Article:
We Mormons are pretty naive about things like this, and I certainly include myself in this.  We throw around concepts like free agency willy-nilly without much understanding of what we are even talking about.  This post will be something of an example of this.  I know this will be terribly novice, please feel free to use small words to improve my thinking about this.  But I have been trying to figure out for myself what free will even is, or perhaps better – what is the phenomenon of choice?

A while ago Clark passed along some links to MIT course notes on free will here.  Some of my current understanding comes from this.  But here are some thoughts about what the phenomenon of choice means to me:

We have a limited ability to act in order to improve our situation.
We have motivation to act to improve our situation, even if it is based on partial information – or even random acts.
There is a lack of complete coercion forcing our choices.
We have some memory of past acts and their consequences.
We have a limited ability to deliberate prior to some acts.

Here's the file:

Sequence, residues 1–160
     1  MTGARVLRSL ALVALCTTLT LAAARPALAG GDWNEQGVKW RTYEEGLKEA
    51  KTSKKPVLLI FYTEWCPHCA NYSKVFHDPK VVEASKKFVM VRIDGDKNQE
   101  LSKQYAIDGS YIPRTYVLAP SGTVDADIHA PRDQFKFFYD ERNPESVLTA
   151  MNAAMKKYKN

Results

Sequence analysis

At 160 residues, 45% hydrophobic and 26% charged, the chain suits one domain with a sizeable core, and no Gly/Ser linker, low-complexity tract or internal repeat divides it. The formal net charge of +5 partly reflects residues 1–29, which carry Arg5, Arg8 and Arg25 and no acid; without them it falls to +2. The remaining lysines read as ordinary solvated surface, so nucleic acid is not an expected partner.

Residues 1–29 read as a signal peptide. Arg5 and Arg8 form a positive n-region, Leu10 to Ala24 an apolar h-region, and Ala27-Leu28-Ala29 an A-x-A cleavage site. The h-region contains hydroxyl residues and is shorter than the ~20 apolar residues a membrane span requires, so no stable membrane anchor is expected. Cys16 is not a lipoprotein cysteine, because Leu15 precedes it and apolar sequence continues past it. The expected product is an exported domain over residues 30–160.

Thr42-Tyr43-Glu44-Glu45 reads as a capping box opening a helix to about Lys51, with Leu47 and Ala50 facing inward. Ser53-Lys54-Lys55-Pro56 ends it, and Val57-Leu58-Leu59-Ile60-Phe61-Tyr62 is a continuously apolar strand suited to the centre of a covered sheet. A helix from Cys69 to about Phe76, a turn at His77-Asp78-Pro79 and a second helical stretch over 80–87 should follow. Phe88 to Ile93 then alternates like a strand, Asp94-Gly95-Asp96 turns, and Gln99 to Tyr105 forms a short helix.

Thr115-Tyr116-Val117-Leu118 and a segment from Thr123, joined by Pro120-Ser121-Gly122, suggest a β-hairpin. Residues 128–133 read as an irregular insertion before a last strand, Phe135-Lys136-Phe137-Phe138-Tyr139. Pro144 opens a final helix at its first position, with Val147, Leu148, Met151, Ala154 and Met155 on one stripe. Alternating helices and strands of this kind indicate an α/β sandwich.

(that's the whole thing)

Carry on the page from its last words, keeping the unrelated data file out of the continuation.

We have the ability to choose what criteria to use for such deliberation.
Our choices are so complex that they may never be objectively the best choice among all possible alternatives.

So, the phenomenon of choice is the limited ability and motivation to select the criteria to deliberate among a partial set of possible options, and to act on the subjective results of such deliberation.

That may be terribly bad.  But dictionary definitions don’t seem much better – philosophically speaking.  But such definitions do not prove free will at all I think.   One could question that all of the above come from some prior cause.  Where do our abilities come from?  What are our deliberations based on?  I still feel there is something of a trump card that Mormonism has in the defense of real free will – and that is the eternal, uncreated intelligence of man.  This intelligence (whatever it may be) came before any claimed prior cause.  Whether it is the religious dogma of God’s creative acts, or the scientific claims of natural forces, nothing comes before the eternal intelligence.

That’s about all I got.

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